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Jeddah (Saudi Arabia) (AFP) - The Organisation of Islamic Cooperation on Monday rejected US President Donald Trump's peace plan for the Middle East, calling on its 57 member states not to help implement it.
The pan-Islamic body, which represents more than 1.5 billion Muslims worldwide, "rejects this US-Israeli plan as it does not meet the minimum aspirations and legitimate rights of the Palestinian people and contradicts the terms of reference of the peace process", it said in a statement.
A meeting of foreign ministers at OIC headquarters in the Saudi city of Jeddah called on "all member states not (to) deal with this plan or cooperate with the US administration efforts to enforce it in any way or form".
Under the US plan unveiled last week, Israel would retain control of the disputed city of Jerusalem as its "undivided capital" and annex settlements on Palestinian lands.
Trump's plan suggests that Israel would retain control of the contested city of Jerusalem as its "undivided capital" but Palestinians would be allowed to declare a capital adjacent to Israeli-annexed east Jerusalem.
The OIC reiterated its support for east Jerusalem as capital of a future Palestinian state, stressing its "Arab and Islamic character".
It said peace would "only be achieved with the end of the Israeli occupation, the full withdrawal from the territory of the State of Palestine in particular the holy city of Al-Quds Al-Sharif (Jerusalem) and the other Arab territories occupied since (the) June 1967 (Middle East war)".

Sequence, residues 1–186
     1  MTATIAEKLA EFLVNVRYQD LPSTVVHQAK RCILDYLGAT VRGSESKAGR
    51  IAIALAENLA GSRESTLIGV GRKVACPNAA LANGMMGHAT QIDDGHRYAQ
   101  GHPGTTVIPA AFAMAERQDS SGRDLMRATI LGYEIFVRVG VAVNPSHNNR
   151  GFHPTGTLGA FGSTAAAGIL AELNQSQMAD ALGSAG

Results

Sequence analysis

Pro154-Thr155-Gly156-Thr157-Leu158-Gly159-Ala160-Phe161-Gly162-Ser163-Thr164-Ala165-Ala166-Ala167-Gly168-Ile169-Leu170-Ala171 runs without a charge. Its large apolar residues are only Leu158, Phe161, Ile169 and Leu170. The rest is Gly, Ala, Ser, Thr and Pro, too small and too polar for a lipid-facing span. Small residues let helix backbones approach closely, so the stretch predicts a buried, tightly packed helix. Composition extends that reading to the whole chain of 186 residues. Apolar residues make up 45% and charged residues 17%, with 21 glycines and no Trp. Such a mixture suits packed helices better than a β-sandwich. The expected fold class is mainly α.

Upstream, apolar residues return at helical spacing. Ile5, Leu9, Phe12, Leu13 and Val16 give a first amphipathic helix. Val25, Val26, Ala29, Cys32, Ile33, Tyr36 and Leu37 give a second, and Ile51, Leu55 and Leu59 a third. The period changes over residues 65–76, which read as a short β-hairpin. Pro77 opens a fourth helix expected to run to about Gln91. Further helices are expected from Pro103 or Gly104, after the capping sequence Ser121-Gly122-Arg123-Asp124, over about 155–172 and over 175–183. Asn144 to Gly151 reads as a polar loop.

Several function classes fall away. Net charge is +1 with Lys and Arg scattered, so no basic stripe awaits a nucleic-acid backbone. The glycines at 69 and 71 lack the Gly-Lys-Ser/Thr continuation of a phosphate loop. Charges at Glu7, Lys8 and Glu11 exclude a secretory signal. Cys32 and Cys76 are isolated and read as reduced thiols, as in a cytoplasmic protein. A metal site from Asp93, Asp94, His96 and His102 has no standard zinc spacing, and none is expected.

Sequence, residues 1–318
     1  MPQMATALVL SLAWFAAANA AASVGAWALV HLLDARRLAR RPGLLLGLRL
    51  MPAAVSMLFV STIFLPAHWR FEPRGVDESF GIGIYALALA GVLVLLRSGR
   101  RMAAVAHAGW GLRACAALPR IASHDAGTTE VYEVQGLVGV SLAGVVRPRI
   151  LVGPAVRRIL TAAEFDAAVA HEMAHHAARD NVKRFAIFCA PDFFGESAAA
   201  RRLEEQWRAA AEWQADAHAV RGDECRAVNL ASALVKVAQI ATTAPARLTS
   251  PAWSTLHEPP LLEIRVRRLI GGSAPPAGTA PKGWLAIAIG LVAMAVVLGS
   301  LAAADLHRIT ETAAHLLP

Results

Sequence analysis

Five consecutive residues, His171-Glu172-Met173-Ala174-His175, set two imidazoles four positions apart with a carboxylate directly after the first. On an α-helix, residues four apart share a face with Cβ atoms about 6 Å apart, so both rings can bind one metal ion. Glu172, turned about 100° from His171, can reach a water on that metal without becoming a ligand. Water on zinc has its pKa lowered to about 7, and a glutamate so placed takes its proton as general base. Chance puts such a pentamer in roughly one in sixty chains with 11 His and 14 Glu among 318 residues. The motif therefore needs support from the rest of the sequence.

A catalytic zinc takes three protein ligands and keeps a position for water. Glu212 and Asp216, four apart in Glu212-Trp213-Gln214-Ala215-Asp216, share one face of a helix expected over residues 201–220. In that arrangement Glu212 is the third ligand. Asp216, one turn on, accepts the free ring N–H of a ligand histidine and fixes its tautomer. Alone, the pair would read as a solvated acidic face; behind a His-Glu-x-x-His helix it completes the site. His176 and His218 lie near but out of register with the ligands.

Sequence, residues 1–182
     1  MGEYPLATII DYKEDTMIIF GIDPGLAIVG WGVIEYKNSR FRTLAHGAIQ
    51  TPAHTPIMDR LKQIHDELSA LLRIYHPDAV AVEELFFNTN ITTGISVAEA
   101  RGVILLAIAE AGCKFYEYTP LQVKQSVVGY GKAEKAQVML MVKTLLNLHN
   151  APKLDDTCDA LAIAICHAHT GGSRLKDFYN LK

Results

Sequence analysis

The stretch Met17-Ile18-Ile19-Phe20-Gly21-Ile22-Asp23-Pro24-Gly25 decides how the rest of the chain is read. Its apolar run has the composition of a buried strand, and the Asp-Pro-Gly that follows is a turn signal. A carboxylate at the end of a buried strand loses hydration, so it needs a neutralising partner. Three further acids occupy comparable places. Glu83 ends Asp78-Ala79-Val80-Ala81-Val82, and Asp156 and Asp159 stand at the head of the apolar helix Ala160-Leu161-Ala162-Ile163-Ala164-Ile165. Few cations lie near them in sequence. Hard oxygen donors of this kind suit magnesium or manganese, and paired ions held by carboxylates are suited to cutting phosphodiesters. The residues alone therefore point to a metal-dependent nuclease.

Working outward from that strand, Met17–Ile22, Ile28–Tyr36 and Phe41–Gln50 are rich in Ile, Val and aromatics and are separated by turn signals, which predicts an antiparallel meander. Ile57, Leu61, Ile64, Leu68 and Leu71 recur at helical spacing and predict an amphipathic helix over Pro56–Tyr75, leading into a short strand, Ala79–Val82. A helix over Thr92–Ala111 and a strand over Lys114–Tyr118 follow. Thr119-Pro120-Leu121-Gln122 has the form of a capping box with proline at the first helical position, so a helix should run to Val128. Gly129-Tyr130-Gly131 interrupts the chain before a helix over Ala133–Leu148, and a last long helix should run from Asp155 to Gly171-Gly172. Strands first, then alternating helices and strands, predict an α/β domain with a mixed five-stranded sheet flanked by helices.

Iran -- a member of the OIC -- was not represented in Monday's meeting, with its foreign ministry saying that the delegation was granted visas to arch rival Saudi Arabia "just hours" before the group was to convene.
However, Tehran has already condemned the US plan, saying it amounted to the "treason of the century" and was bound to fail.
The Arab League on Saturday also rejected the controversial plan, saying at a meeting in Cairo that it did not meet the "minimum rights" of the Palestinians.
They insisted on a two-state solution that includes a Palestinian state based on borders before the 1967 war -- when Israel occupied the West Bank and Gaza -- and with east Jerusalem as its capital.
- 'Eliminates chances of peace'-
In his opening remarks on Monday, Palestinian foreign minister Riyad al-Maliki said the plan "cannot be called a peace plan because the Palestinians are not a part of it, and it eliminates all chances of peace".
Gulf powerhouses Saudi Arabia and the United Arab Emirates said last week they "appreciated" US efforts to reach a Palestinian-Israel agreement in what was seen as a balancing act aimed at appeasing their powerful US ally.
"The plan announced (on January 28) offers an important starting point for a return to negotiations within a US-led international framework," said UAE Ambassador to the US Yousef al-Otaiba, who -- along with Omani and Bahraini envoys -- was at the White House for the announcement.
Saudi Arabia said it "appreciates" Trump's efforts and called for direct Israeli-Palestinian talks, while reiterating its "steadfast" support for the Palestinians.
Palestinian leader Mahmud Abbas announced in Cairo during the Arab League meeting that he will cut all ties with Israel and the US.
"We are informing you that there will be no relations with you (Israel) and the United States, including on security cooperation," he said.
But on Monday he appeared to step back from that statement, implying he had not yet severed ties but still could.
The Trump plan also gives Israel the green light to annex the strategic Jordan Valley -- making up 30 percent of the West Bank -- and all Jewish settlements, which number more than 200.
"The plan from the beginning carries with it seeds of its demise," Nevine Mossaad, a political science professor at Cairo University, told AFP.
"After all this Palestinian, Arab and Islamic rejection, be assured of its death."